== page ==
Managing the health of 1.3 billion people is complex, but there is much we can do to change the lack of healthcare equity in India. This includes improving hospital and clinic infrastructure and looking at non infrastructure based interventions like telehealth, channel non-governmental resources in the most disadvantaged areas, and engaging with people to encourage them to prioritize their health.
When it comes to the general population, education is essential in building awareness around chronic diseases and the importance of early diagnosing. The need to increase advocacy around healthcare issues, address the challenges in improving access to healthcare, and building capacity in different communities is a must at local, regional, and national levels.
Good healthcare should be available at affordable prices and access should extend outside of bigger cities. There are four things to focus on when a country is trying to achieve health equity: one is ensuring access to primary care, especially maternal and childcare, second is increasing education and awareness around specific diseases and the value of early diagnosing, third is finding innovative or disruptive ways to improve access to healthcare without needing costly infrastructure projects like telehealth, and fourth is working directly in underserved areas to craft hyperlocal solutions to fit their unique needs.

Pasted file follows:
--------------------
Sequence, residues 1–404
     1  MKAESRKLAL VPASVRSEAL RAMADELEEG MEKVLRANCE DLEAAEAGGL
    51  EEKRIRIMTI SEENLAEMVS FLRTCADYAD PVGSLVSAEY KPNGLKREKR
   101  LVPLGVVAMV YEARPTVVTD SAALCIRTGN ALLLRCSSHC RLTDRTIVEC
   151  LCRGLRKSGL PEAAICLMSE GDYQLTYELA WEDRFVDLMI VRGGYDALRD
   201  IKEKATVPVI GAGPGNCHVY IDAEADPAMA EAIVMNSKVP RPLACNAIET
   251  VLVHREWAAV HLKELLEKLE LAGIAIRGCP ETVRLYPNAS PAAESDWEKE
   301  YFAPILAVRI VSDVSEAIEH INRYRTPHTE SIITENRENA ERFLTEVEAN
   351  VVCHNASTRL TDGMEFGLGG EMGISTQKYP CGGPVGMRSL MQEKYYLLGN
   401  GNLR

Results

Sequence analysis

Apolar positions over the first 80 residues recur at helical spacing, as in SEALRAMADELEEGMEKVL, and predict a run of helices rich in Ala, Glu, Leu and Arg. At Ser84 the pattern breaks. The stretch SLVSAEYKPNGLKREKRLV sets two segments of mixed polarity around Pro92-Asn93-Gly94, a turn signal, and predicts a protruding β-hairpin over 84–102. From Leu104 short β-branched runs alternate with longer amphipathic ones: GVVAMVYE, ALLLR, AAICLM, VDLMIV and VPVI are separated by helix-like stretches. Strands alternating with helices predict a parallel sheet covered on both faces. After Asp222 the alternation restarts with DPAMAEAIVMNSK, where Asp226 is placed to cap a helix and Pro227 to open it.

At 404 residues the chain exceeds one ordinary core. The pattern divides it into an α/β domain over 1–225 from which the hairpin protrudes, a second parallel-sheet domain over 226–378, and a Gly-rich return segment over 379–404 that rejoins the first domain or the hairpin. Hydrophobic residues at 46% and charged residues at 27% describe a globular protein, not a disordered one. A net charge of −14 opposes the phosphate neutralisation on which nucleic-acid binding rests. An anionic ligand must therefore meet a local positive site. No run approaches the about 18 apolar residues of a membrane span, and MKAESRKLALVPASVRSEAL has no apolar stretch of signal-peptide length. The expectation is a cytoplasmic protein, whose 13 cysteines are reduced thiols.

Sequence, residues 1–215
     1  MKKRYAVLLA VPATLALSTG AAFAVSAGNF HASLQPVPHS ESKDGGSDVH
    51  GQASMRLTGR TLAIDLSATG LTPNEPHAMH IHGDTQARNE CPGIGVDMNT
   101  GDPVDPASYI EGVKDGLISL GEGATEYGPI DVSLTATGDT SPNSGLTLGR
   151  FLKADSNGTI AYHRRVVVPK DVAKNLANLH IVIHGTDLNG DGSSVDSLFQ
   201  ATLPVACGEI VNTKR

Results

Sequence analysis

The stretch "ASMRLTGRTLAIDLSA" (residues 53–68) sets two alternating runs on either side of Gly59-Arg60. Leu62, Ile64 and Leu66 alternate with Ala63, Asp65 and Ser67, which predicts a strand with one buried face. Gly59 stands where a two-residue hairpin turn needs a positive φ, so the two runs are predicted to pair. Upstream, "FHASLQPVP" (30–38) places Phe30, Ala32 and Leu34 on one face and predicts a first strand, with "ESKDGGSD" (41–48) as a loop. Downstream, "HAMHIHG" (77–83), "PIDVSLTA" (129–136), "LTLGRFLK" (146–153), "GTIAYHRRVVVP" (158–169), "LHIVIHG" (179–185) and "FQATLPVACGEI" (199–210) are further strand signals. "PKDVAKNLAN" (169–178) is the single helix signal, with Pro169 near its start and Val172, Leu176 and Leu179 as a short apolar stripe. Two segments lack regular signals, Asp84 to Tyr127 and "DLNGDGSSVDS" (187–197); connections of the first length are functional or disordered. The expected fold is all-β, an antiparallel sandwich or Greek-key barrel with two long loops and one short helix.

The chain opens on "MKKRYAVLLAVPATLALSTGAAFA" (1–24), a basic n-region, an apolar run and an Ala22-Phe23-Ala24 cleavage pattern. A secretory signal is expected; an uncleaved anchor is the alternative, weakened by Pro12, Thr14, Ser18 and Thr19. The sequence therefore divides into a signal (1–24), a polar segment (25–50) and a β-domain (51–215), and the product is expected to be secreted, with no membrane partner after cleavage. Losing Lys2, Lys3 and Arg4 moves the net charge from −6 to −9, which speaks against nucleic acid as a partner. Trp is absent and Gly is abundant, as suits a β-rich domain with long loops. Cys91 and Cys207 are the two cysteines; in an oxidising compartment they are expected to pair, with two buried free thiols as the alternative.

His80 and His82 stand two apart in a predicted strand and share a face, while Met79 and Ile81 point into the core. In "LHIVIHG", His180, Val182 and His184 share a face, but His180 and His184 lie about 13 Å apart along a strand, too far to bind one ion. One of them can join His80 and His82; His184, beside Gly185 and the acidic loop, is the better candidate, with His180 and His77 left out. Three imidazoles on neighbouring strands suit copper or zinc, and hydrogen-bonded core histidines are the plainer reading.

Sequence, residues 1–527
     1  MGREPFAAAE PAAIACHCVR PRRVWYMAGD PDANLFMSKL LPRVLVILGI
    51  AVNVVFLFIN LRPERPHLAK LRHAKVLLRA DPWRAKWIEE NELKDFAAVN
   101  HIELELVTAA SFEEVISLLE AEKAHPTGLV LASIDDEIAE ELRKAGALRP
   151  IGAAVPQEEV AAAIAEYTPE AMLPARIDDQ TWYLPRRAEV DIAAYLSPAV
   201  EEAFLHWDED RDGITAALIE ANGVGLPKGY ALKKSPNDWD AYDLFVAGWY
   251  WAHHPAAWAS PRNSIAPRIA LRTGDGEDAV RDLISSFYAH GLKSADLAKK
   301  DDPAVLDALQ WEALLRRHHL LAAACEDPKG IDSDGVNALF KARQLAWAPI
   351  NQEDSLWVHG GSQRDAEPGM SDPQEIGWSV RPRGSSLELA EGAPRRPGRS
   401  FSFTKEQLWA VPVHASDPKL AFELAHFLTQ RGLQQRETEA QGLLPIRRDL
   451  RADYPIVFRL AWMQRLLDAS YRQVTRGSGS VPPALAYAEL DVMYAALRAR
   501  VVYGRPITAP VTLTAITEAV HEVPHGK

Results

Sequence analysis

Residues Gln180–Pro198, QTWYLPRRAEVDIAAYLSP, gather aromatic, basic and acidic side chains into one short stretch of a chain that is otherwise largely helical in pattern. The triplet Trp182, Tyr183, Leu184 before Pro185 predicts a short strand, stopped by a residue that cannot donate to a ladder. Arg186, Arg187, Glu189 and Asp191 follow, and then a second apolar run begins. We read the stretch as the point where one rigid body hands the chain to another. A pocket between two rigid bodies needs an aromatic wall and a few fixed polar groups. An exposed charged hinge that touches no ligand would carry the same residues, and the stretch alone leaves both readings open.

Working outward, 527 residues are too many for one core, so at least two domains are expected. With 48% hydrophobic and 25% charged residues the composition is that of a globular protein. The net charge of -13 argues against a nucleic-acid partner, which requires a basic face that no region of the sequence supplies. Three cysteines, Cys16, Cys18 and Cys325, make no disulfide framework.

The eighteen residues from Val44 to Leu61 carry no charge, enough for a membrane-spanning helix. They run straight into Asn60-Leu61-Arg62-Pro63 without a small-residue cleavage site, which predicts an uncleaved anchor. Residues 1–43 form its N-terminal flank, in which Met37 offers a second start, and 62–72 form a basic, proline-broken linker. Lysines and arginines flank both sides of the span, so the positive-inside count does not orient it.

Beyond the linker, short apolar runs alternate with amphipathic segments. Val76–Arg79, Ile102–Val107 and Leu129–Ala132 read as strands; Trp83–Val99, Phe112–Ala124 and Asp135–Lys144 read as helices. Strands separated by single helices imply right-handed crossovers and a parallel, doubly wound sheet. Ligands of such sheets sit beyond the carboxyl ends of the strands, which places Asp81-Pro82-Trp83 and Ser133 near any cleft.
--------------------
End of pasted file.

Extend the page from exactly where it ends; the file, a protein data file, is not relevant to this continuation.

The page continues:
Primary Health Centres, which are already found in many parts of rural India can be improved by adding to the quality and services offered. These can be great community outreach points as well for education and awareness activities on diseases that are prevalent in the population. The private healthcare sector also has a big role to play, especially in combination with another of India’s strengths in the IT sector. Telehealth and other remote healthcare solutions are an extremely effective intervention to improve access to high quality care.
Understanding community needs, focusing on education and awareness, and finding disruptive solutions in healthcare delivery is the way of the future in India. Fortunately, our healthcare system is now on the verge of a revolutionary shift, triggered by an unfortunate pandemic. Our response to COVID-19 is a stark reminder to us about the urgent need of making healthcare equitable in India. We can achieve health equity for all by working together and focusing on the most vulnerable among us. After all, healthcare is a fundamental human right.
Views expressed above are the author’s own.